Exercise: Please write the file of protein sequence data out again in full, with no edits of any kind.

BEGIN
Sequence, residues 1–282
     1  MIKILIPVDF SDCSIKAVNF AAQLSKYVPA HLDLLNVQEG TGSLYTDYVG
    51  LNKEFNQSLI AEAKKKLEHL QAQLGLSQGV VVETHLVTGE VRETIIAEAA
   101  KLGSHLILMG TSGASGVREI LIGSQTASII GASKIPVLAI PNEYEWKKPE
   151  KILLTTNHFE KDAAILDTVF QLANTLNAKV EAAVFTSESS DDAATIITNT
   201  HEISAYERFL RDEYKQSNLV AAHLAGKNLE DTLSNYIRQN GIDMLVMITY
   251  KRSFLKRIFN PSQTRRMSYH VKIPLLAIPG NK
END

Sequence, residues 1–282
     1  MIKILIPVDF SDCSIKAVNF AAQLSKYVPA HLDLLNVQEG TGSLYTDYVG
    51  LNKEFNQSLI AEAKKKLEHL QAQLGLSQGV VVETHLVTGE VRETIIAEAA
   101  KLGSHLILMG TSGASGVREI LIGSQTASII GASKIPVLAI PNEYEWKKPE
   151  KILLTTNHFE KDAAILDTVF QLANTLNAKV EAAVFTSESS DDAATIITNT
   201  HEISAYERFL RDEYKQSNLV AAHLAGKNLE DTLSNYIRQN GIDMLVMITY
   251  KRSFLKRIFN PSQTRRMSYH VKIPLLAIPG NK